Only 20 percent of women are comfortable with their financial knowledge, contributing to a lack of planning.

Women’s History Month is celebrated every March and honors the contributions women have made to history and to the betterment of society.  In the spirit of this notable celebration, a look at LIMRA consumer research provides clues as to what contributions women are making to improve their personal financial future.

LIMRA research consistently shows that Americans’ top financial concern for both women and men is saving enough for retirement.  Women track slightly higher on this question at 83 percent compared to men at 77 percent.  For other financial goals, women prioritize establishing an emergency fund, getting out of debt and maintaining a good credit score higher than men do.  

Taking action on savings goals presents a formidable challenge for women.  Only 20 percent of women are comfortable with their level of financial knowledge, which often contributes to a lack of planning or taking action.  In fact, LIMRA research finds that women are less likely than men to have done basic retirement planning activities.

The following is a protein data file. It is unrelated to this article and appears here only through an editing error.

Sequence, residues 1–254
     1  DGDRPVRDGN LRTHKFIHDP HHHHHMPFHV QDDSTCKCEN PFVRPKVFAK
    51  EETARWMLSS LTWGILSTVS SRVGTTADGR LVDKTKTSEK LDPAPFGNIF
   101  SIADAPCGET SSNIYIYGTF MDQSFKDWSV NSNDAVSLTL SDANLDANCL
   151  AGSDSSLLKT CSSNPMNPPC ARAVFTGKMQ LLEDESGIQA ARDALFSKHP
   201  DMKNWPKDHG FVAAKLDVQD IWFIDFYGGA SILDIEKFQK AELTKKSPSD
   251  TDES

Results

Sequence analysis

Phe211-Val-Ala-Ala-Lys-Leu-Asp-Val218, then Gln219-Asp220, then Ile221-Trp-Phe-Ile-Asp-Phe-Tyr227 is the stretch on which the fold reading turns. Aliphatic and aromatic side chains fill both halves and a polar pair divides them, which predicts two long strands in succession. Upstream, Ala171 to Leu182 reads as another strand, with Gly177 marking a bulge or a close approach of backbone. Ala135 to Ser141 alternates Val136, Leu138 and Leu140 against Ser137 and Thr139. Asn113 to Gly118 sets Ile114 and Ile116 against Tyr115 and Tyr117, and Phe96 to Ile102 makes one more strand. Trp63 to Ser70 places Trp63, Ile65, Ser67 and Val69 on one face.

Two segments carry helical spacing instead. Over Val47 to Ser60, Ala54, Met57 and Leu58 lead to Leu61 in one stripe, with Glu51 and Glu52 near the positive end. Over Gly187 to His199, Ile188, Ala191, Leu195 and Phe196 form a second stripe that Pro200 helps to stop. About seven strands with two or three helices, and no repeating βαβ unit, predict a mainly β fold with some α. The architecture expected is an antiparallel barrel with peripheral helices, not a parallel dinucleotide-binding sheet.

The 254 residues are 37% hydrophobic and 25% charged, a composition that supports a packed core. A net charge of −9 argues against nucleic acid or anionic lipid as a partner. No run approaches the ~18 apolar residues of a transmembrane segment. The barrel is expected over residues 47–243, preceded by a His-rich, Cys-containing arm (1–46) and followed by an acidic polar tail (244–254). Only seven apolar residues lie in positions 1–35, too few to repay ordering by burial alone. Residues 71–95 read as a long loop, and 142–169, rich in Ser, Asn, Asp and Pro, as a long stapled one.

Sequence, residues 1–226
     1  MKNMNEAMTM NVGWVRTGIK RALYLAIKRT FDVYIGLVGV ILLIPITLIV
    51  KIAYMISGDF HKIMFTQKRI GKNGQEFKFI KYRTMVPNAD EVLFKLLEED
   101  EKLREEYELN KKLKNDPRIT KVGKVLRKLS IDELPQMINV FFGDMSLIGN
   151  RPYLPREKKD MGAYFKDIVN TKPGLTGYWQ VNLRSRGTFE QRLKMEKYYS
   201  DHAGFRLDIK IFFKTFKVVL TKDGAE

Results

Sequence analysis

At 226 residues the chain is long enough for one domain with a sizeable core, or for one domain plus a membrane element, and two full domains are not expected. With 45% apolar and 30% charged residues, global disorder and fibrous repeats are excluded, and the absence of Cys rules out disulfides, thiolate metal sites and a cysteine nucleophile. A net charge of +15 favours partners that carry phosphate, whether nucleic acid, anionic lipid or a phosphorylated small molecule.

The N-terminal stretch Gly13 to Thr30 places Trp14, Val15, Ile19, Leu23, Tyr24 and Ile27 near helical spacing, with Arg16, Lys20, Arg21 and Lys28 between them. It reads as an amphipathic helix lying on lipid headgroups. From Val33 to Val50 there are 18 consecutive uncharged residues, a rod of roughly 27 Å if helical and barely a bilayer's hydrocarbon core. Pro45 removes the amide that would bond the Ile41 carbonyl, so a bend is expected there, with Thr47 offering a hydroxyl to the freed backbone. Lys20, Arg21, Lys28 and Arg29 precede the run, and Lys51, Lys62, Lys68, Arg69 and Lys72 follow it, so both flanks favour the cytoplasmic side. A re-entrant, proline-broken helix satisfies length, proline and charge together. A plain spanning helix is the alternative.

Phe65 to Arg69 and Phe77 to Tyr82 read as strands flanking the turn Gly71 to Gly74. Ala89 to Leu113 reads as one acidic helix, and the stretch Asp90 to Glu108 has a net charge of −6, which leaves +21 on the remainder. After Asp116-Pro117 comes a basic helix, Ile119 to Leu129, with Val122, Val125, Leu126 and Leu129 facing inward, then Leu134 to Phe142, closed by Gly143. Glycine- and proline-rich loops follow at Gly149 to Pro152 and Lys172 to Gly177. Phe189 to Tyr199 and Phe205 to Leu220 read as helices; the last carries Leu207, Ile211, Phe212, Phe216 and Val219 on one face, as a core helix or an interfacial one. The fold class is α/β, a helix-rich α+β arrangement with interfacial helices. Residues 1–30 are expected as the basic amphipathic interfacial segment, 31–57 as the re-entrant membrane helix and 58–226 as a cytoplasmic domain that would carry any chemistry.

There are valid reasons why saving is tougher for women.  According to Bureau of Labor statistics from 2014, the median wage for women was 83 percent of men’s wages. Lower salary over a working career, combined with breaks in employment to care for children and other family members affects retirement savings and results in lower Social Security income.  The fact that women usually live longer than men only adds to the challenges women confront when planning for retirement and mitigating their longevity risk.

Yet, all is not doom and gloom because women recognize they need help.  Six in 10 agree that professional advice is needed for retirement and evaluating current savings plans. Fifty-one percent of women also said their need for professional advice has increased over the last few years, compared to 45 percent for men. 

While plenty of challenges lie ahead, recognition of the problem is the first step to solving it.  Women who begin taking action to create a savings plan can make a difference in their contributions to their financial future.